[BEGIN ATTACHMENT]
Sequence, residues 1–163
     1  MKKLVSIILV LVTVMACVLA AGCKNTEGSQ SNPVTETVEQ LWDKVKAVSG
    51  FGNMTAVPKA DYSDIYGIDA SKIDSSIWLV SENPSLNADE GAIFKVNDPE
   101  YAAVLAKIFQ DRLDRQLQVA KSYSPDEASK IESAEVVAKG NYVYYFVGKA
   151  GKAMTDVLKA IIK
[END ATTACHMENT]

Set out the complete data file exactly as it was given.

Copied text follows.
Sequence, residues 1–163
     1  MKKLVSIILV LVTVMACVLA AGCKNTEGSQ SNPVTETVEQ LWDKVKAVSG
    51  FGNMTAVPKA DYSDIYGIDA SKIDSSIWLV SENPSLNADE GAIFKVNDPE
   101  YAAVLAKIFQ DRLDRQLQVA KSYSPDEASK IESAEVVAKG NYVYYFVGKA
   151  GKAMTDVLKA IIK